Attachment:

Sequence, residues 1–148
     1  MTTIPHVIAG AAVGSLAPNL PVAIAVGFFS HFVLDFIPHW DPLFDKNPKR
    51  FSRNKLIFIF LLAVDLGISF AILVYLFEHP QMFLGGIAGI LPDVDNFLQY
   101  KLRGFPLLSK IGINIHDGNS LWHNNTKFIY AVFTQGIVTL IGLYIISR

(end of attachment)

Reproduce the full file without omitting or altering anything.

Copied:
Sequence, residues 1–148
     1  MTTIPHVIAG AAVGSLAPNL PVAIAVGFFS HFVLDFIPHW DPLFDKNPKR
    51  FSRNKLIFIF LLAVDLGISF AILVYLFEHP QMFLGGIAGI LPDVDNFLQY
   101  KLRGFPLLSK IGINIHDGNS LWHNNTKFIY AVFTQGIVTL IGLYIISR